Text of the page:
Federal Agents To Deploy To Cleveland, Detroit And Milwaukee

SMS
Federal Agents To Deploy To Cleveland, Detroit And Milwaukee
Local officials emphasized the Trump administration's response to civil unrest in Oregon is not what these officers will be doing in their cities.
SHOW TRANSCRIPT

The Trump administration's anti-violence effort, Operation Legend, officially launched in three more cities yesterday to the tune of protests and reassuring public officials.

DETROIT PROTESTER: "It doesn't actually fix the problems that are plaguing our communities."

WILLIAMS: "We will never bring folks here to harm our residents, period." 

CRAIG: "There are no members from Homeland Security coming in to work with us on our nightly protests. Absolutely not."

Along with Kansas City, Chicago and Albuquerque, Operation Legend will be sending federal officers and dollars to Cleveland, Detroit and Milwaukee — three cities that have seen historic upticks in gun violence.  

According to the Department of Justice, shootings in Cleveland are up 35% compared to 2019. In Detroit, shootings are up 53%. And in Milwaukee, homicides are up 85% this year compared  to 2019.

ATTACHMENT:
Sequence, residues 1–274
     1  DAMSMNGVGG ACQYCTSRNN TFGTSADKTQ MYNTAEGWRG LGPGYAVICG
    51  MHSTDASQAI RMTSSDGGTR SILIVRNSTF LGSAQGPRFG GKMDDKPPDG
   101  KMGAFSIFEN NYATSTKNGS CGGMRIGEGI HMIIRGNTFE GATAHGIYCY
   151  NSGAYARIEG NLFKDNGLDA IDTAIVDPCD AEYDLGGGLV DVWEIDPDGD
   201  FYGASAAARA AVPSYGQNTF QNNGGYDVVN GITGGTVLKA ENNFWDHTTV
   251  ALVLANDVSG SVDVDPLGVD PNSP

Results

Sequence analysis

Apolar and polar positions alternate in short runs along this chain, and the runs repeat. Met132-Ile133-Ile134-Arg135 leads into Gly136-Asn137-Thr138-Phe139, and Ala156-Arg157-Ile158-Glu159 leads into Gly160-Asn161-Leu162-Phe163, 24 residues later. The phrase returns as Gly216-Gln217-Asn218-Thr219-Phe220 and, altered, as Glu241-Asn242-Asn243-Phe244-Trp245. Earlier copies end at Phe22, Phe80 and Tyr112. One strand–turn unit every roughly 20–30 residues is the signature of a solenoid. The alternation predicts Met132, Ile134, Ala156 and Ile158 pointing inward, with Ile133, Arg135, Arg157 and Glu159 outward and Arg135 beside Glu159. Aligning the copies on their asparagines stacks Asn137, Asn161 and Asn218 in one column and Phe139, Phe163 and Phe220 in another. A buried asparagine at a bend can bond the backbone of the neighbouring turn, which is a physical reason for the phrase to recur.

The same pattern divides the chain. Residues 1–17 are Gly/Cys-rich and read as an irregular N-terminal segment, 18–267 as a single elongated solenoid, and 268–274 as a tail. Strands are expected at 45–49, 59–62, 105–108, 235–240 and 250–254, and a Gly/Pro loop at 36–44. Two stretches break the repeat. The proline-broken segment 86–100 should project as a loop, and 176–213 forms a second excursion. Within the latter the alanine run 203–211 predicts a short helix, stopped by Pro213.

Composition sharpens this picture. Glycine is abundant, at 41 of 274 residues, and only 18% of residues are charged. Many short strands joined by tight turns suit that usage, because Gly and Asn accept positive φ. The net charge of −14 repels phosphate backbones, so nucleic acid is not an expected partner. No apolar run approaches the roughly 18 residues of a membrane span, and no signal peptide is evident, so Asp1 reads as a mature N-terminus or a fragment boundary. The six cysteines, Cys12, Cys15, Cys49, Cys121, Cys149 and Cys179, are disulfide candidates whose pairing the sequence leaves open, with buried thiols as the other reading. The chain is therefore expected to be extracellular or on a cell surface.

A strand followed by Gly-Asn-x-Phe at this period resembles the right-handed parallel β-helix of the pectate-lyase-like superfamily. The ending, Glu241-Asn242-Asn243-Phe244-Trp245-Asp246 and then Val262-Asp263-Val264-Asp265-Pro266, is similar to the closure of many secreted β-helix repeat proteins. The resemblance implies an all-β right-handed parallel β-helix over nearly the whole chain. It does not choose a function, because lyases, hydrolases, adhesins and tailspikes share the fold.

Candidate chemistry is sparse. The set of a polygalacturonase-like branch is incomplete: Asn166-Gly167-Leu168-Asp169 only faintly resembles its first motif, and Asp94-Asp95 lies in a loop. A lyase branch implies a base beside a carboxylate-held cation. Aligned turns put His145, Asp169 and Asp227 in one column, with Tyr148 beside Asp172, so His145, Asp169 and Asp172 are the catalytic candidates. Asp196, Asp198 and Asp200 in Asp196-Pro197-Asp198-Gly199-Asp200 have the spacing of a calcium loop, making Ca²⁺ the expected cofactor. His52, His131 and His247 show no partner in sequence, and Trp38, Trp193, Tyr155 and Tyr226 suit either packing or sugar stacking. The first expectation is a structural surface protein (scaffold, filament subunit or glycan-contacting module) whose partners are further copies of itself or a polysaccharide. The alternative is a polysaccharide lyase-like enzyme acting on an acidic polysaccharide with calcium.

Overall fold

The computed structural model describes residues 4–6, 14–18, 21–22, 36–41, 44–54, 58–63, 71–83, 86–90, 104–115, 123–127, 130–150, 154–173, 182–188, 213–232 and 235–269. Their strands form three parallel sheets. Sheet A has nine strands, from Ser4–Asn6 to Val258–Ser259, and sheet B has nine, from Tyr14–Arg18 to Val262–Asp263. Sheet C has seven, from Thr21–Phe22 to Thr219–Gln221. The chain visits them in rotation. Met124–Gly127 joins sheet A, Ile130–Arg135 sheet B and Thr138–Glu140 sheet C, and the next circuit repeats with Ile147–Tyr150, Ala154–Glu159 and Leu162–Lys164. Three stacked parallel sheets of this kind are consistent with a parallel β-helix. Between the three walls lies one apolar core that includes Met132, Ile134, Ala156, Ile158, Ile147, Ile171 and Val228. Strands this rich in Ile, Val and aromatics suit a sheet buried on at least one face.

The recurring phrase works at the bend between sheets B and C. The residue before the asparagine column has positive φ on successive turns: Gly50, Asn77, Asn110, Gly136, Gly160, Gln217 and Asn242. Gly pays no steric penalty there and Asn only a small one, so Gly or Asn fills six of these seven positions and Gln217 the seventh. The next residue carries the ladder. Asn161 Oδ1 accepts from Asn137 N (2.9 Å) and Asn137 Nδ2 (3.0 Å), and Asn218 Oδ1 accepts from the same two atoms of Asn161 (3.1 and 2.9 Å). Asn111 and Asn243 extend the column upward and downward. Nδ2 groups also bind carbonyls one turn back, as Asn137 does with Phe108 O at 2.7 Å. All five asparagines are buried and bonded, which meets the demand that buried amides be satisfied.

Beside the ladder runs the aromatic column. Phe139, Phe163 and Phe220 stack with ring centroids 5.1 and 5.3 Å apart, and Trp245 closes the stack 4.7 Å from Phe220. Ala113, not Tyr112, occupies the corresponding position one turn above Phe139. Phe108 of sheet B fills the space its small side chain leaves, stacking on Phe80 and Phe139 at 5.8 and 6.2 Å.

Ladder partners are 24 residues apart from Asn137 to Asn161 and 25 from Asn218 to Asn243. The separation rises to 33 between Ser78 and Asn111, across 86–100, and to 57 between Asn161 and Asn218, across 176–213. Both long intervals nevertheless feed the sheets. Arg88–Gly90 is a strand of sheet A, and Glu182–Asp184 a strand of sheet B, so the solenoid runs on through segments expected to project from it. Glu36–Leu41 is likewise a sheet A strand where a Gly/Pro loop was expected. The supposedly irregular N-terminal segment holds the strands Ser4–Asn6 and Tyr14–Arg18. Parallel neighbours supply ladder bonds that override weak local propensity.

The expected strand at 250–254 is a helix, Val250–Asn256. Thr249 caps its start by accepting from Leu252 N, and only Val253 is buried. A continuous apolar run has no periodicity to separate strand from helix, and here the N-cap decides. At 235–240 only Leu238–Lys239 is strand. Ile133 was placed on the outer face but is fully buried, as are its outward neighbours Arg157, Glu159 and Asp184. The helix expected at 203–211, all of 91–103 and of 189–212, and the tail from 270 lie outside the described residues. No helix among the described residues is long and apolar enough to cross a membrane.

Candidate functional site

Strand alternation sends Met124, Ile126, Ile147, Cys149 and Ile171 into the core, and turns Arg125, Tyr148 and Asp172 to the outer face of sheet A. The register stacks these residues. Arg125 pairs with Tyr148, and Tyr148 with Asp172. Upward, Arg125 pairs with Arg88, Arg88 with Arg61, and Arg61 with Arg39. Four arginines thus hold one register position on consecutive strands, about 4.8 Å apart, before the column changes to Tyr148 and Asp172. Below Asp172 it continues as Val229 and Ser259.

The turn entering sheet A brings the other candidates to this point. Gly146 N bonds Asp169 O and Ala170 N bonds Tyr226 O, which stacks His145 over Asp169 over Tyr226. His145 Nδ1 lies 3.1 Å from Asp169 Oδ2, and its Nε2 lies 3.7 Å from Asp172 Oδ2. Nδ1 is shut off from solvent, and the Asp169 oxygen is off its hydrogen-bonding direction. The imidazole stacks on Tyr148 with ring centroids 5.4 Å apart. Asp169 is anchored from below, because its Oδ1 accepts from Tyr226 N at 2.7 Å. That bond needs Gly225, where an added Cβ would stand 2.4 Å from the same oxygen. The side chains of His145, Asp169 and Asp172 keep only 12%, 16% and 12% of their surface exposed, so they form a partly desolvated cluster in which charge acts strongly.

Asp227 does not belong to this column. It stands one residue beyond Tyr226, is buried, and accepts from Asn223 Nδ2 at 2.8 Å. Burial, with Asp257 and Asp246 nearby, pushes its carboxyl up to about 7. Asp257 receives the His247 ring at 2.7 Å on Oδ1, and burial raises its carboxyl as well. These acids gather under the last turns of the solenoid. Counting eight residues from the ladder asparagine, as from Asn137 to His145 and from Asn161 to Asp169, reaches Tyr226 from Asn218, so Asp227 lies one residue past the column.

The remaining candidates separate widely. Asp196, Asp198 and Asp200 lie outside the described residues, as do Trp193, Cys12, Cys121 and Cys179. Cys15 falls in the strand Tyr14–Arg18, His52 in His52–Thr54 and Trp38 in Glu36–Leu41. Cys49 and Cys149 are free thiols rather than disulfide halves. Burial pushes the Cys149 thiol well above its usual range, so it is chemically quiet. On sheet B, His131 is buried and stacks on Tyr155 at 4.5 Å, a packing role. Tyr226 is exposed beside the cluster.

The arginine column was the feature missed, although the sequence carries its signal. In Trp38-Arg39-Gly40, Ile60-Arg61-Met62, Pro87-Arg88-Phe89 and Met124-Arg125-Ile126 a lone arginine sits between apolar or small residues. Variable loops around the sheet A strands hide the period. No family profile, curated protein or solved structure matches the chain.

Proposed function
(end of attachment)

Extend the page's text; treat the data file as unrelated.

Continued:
DIER: "Gun violence is taking over the streets of Detroit. Statistics do not lie."

As a part of Operation Legend, there's going to be at least 25 additional federal agents sent to Cleveland and Milwaukee and another 42 federal officers deployed in Detroit. That's on top of more than 20 million federal dollars being sent to these three cities to hire additional local police. 

But in all three announcements, local officials emphasized that the Trump administration's response to civil unrest in Portland is not what these officers will be doing in their respective cities.

KRUEGER: "Operation Legend's mission will not change. It is what I described."

SCHNEIDER: "Well, fortunately, this is not Portland, and this not Seattle."

These officers will reportedly focus on ongoing missions regarding illegal guns, gang activity and drug trafficking.

In Portland, federal officials have struck a deal with local leaders to leave the front lines of city protests if they believe federal property is "safe and secure." But there's some confusion about how quickly federal forces will be phased out.